NOTRE DAME, IN – While manifestations of Catholic life at Notre Dame are abundant, is there a potentially fatal fault line that has opened out of public view?
Let’s begin this discussion with the threshold question whether there is a serious threat to the Catholic identity of Notre Dame. I say there is. The School’s Mission Statement tells us so.
That provision declares that the school’s Catholic identity “depends upon” the “continuing presence” of a “predominant number of Catholic intellectuals.” This means a solid majority, according to the author of the provision, then President Rev. Edward Malloy. Provost Burish reaffirmed this standard in the current issue of the Notre Dame Magazine. It’s significant that this is also the minimum that Pope John Paul II prescribed in Ex Corde Ecclesiae, his explication of the nature of a Catholic University. This focus on faculty reflects the uniform conclusion of experts that the secularization of colleges and universities begins and ends with the faculty. (Resources)
Notre Dame is perilously close to failing the Mission Statement test, if it hasn’t already.
The proportion of Catholics on the faculty has fallen precipitously from 85% in the 1970’s to a bare majority of 53% today. Moreover, this 53% covers all faculty who at some time reported Church affiliation without regard to whether they were, or are, dissenting or merely nominal Catholics. But surely the term “Catholic intellectuals” in the Mission Statement refers to more than formal membership. In the current issue of the Notre Dame Magazine, Provost Burish describes the Catholics who should constitute the “majority” as those “who understand the nature of the religion, who can be living role models, who can talk with students about issues outside the classroom.” If, then, an appropriate discount for nominal and dissenting Catholics is applied, there are not today a “predominant number” of “Catholic intellectuals” on the faculty.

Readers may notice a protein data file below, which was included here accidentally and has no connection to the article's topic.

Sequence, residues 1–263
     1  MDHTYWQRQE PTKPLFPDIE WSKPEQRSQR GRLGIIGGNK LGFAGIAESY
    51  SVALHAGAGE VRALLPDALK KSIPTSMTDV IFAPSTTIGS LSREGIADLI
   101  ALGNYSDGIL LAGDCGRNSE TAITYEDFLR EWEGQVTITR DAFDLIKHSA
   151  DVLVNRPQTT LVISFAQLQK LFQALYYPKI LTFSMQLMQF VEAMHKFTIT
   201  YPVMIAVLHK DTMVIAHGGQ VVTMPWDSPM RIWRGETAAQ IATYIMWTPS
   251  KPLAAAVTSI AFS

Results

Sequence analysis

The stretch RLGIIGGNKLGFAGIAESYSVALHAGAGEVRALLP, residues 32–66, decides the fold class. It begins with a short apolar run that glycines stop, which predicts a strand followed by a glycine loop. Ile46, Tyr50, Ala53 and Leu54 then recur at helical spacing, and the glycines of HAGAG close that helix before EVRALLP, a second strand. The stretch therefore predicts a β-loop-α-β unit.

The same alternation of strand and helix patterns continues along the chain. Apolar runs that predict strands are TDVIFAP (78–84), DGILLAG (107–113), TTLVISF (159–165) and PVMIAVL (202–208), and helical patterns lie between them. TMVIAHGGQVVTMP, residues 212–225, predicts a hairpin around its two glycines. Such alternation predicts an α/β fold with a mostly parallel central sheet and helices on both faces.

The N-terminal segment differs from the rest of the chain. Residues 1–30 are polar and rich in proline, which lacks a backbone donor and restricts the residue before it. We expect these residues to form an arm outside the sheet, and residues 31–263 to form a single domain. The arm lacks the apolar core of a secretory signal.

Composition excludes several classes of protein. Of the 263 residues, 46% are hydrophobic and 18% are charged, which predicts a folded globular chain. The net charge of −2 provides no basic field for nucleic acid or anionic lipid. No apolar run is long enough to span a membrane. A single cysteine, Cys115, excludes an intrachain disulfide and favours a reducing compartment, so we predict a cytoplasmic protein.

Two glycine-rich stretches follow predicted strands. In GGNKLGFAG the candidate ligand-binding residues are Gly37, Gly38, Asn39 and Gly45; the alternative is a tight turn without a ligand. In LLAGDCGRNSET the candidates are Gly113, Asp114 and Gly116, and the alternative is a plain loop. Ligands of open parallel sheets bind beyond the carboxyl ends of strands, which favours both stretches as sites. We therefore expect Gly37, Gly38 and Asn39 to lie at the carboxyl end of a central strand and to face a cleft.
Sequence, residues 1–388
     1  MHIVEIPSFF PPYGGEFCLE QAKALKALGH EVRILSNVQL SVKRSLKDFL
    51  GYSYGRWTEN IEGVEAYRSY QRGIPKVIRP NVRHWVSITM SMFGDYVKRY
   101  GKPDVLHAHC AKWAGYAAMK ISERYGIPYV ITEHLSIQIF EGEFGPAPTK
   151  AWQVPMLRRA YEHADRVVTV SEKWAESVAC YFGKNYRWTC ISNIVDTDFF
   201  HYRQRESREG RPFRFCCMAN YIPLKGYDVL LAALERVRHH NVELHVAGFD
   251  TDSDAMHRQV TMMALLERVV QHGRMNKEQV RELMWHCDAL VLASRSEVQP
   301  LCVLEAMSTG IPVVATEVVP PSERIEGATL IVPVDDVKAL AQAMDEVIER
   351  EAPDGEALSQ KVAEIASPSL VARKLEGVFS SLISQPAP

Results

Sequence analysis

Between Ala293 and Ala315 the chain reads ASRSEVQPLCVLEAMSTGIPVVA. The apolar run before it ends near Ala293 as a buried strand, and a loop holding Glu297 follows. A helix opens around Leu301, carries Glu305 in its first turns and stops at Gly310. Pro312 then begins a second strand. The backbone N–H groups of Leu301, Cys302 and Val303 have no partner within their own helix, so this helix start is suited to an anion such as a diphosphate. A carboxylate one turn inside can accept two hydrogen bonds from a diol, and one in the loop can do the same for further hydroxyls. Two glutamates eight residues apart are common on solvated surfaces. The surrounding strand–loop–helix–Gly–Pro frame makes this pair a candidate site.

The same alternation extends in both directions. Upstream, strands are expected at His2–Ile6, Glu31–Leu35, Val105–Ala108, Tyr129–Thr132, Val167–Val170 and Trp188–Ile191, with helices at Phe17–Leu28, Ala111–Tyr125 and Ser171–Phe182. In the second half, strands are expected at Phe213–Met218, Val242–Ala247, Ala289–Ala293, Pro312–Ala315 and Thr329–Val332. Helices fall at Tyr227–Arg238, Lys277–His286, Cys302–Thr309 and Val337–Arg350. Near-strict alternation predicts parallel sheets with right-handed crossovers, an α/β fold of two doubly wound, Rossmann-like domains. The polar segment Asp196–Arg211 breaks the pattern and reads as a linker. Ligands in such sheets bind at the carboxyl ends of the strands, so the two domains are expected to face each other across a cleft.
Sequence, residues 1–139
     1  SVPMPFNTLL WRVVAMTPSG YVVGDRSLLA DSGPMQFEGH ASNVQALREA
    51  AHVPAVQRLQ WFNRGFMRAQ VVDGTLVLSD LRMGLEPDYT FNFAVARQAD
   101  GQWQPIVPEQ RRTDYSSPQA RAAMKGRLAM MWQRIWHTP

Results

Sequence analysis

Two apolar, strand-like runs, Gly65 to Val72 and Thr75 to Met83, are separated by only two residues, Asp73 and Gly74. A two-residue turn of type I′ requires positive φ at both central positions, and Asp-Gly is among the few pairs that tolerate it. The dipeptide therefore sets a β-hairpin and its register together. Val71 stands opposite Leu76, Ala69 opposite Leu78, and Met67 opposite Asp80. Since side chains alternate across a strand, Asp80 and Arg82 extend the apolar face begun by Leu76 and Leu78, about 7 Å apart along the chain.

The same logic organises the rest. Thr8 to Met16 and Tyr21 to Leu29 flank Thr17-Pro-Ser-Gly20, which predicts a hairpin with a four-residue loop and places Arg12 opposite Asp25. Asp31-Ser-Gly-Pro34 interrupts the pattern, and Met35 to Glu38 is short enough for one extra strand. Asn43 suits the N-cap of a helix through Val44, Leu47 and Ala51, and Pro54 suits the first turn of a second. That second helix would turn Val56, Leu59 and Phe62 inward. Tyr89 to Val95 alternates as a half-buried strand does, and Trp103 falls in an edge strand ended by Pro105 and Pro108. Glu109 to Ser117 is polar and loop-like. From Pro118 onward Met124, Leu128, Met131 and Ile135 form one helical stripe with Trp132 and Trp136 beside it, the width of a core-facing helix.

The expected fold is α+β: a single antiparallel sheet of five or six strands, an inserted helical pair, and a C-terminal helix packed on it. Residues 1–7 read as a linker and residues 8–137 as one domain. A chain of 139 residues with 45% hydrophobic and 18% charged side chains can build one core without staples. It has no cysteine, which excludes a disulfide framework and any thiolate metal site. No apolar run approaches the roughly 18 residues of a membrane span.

And it is still more worrisome that, as the Provost and Dean Roche have both warned, given the high percentage of Catholics retiring, Catholics will soon be a numerical as well as a real minority unless there is a turnabout in hiring.
How much of a turnabout? Unprecedented, I think it safe to say. We’ve estimated that, simply to maintain the present technical, arithmetical Catholic majority, the recent 40% rate of hiring Catholics must increase to substantially over 60%. During a recent panel discussion at the University, Father Wilson Miscamble put the figure at 67% at least. Whatever the precise number, it seems clear that just edging above 50% won’t do. This raises a number of questions:
What’s more important, Catholic identity or pride of position in the U.S. News & World Report hierarchy?
If the risk to Notre Dame’s Catholic identity is so evident, why don’t more seem concerned?
Should those in governance ensure that the faculty’s latitude in hiring will not trump the Mission Statement?
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